How to Cater to Your Keto Customers

In response to demand, U.S. restaurants create ketogenic-friendly menus.

If you’re looking for information on how to make your restaurant keto-friendly, you’ve come to the right place. Whether you own a catering service, fast-casual restaurant, pizza shop, bakery, food truck, hotel, or fine dining establishment, the popularity of ketogenic diets is soaring – and so is demand for menus that cater to the keto community.

Read on and help promote your business by learning all you can about keto-friendly foods and beverages, what is allowed and not allowed on the meal plan, and what menu choices will serve the needs of your keto customers.

The fact is that for most people, keto is more than just a diet; it is a lifestyle. And given the limited number of appropriate eating-out accommodations currently available, your restaurant can become the service they rely on, which will have a positive impact on your brand reputation and hopefully pave the way for a loyal, returning customer base. Moreover, since the majority of today’s diners do their food research online, you can further cash in on this opportunity by posting keto-friendly tips and menu selections on your website or Facebook page.

Continue reading How to Cater to Your Keto Customers

Edible Insects Making Their Way To A Restaurant Near You

Discover how adding trending edible insects to recipes is a nutritional win-win.

Foodservice Guide to Edible Insects

If the thought of eating bugs bugs you, your palate may not be ready to stomach what’s coming next in the United States food industry. A longtime staple in other parts of the world (in 2013, for example, the United Nations published a report indicating that two billion people worldwide include bugs as part of their diet), edible insect varieties have only recently made their Western debut, and the question on everyone’s mind is: Are bugs coming to a restaurant near you?

The Edible Bug Phenomenon

As a foodservice professional trying to make it in a competitive business milieu, (attention caterers, restaurant owners, bakers, food truck operators, and party planners), staying abreast of current food-and-beverage news is vital. So, grab your oven mitts, hold onto your chef’s hats, prepare your frying pans and spatulas, and get ready to sink your teeth into the following edible bug phenomenon.

History of Eating Insects (Entomophagy)

Let’s start with a brief history lesson: The practice of eating insects, or entomophagy, isn’t a new concept in over 100 countries that are already consuming insect-infused snacks and dishes. Moreover, in many parts of the world, eating bugs is considered a delicacy. Ancient Greeks had no qualms about eating six-legged critters, and both Aboriginals and Australians have been consuming insects for millennia.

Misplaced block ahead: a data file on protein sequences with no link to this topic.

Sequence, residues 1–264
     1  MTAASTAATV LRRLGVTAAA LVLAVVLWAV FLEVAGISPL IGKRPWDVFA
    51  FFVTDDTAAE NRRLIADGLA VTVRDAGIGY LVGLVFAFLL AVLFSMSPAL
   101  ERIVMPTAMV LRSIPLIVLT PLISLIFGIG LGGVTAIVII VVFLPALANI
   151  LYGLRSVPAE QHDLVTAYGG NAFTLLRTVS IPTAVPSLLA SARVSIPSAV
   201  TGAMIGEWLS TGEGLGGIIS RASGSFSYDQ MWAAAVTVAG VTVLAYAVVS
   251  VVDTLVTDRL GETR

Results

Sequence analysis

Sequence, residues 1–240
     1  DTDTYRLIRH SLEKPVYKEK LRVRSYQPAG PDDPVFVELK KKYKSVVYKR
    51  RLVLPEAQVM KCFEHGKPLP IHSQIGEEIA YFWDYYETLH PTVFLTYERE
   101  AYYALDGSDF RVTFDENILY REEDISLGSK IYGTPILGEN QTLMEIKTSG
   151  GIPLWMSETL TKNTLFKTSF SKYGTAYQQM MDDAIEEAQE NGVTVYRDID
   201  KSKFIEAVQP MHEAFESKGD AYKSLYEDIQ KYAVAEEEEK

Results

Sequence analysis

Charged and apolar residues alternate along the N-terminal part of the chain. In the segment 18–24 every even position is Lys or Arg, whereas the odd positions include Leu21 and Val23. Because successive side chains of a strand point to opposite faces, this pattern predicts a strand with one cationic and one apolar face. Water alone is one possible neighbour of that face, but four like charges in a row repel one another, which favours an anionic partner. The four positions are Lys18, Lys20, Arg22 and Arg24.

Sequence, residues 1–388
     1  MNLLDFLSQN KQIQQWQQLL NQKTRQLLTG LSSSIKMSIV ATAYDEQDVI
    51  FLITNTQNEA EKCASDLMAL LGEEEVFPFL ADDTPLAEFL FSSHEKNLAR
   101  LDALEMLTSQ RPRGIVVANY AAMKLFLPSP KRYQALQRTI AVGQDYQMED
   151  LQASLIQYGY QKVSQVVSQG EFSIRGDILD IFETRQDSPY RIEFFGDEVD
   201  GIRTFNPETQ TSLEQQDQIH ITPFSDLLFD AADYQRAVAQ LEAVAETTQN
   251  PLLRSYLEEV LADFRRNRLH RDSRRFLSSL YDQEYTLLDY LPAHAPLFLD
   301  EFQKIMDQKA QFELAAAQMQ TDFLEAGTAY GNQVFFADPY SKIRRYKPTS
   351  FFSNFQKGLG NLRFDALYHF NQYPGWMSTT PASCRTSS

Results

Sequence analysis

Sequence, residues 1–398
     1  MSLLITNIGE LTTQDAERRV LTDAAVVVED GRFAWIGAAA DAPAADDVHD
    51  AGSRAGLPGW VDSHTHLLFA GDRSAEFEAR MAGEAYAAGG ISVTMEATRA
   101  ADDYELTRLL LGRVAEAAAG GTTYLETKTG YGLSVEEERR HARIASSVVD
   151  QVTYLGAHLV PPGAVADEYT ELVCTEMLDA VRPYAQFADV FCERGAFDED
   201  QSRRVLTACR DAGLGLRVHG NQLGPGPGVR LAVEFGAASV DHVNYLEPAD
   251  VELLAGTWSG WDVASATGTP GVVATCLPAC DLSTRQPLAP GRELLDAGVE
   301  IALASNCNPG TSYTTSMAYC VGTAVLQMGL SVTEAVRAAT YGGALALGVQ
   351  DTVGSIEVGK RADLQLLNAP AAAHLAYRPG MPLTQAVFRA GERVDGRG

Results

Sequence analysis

Continue reading Edible Insects Making Their Way To A Restaurant Near You

How to Add Specialized Teas To Your Beverage Menu

Get on board with the hottest trends in the food industry with specialized teas and increase your business and profits.

Specialized Teas: A Rising Trend

If you work in the food industry and you don’t want to miss out on of one the hottest trends in the food-and-beverage market, it’s time to learn the latest about tea. According to reports from World Tea News and market research firm Technomic, the beverage landscape has changed, with tea emerging as the most widely consumed beverage globally next to water.

History of Tea

Did you know that tea is said to have been discovered by Chinese Emperor Shen-Nung in 2737 BC, rendering it almost 5,000 years old? According to this legend, the first tea brew was created when tea leaves by chance flew into the Emperor’s pot of boiling water. A botanical explorer, he subsequently used his new discovery to cure himself from poison 85 times.

During the 1600’s, tea’s popularity reached Europe and the American colonies, while the famous 1773 Boston Tea Party, when American colonists threw 300 chests of tea into the Boston Harbor to protest the British government’s taxation of tea, further put the beverage on the map. And if you ever wondered when afternoon ‘tea time’ or ‘high tea’ began, look no further than 1840 and Anna the Duchess of Bedford, who began drinking tea at 4 p.m. with a light snack to prevent a “sinking feeling.”

Continue reading How to Add Specialized Teas To Your Beverage Menu

How Bison Has Become a Big Catering Trend

Last updated on July 3rd, 2018

Impress Your Guests: Serve Bison

Catered Events Benefit from Bison

Keeping up with food trends is crucial to offering customers the right menu. These days, “right” means being the healthiest and most environmentally friendly, as well as the most adventurous and interesting. Bison fulfills all the criteria of the trend-savvy consumer, and its place atop catering lists of “hot” items seems to be growing steadily.